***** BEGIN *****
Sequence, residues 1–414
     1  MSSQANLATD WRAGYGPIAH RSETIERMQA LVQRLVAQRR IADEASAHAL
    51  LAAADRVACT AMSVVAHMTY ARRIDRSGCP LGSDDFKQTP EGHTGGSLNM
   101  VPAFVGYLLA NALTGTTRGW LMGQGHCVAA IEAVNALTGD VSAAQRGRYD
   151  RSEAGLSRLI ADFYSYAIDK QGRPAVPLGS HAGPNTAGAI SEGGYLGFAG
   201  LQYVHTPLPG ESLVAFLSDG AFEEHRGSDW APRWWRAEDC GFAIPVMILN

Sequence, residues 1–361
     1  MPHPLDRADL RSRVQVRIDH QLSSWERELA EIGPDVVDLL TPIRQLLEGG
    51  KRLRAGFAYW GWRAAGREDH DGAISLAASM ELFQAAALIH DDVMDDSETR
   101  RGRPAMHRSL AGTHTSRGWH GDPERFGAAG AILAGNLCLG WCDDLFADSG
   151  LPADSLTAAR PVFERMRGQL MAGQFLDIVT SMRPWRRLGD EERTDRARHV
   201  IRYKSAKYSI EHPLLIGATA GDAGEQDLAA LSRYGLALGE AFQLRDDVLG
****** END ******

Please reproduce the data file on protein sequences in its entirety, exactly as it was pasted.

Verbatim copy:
Sequence, residues 1–414
     1  MSSQANLATD WRAGYGPIAH RSETIERMQA LVQRLVAQRR IADEASAHAL
    51  LAAADRVACT AMSVVAHMTY ARRIDRSGCP LGSDDFKQTP EGHTGGSLNM
   101  VPAFVGYLLA NALTGTTRGW LMGQGHCVAA IEAVNALTGD VSAAQRGRYD
   151  RSEAGLSRLI ADFYSYAIDK QGRPAVPLGS HAGPNTAGAI SEGGYLGFAG
   201  LQYVHTPLPG ESLVAFLSDG AFEEHRGSDW APRWWRAEDC GFAIPVMILN

Sequence, residues 1–361
     1  MPHPLDRADL RSRVQVRIDH QLSSWERELA EIGPDVVDLL TPIRQLLEGG
    51  KRLRAGFAYW GWRAAGREDH DGAISLAASM ELFQAAALIH DDVMDDSETR
   101  RGRPAMHRSL AGTHTSRGWH GDPERFGAAG AILAGNLCLG WCDDLFADSG
   151  LPADSLTAAR PVFERMRGQL MAGQFLDIVT SMRPWRRLGD EERTDRARHV
   201  IRYKSAKYSI EHPLLIGATA GDAGEQDLAA LSRYGLALGE AFQLRDDVLG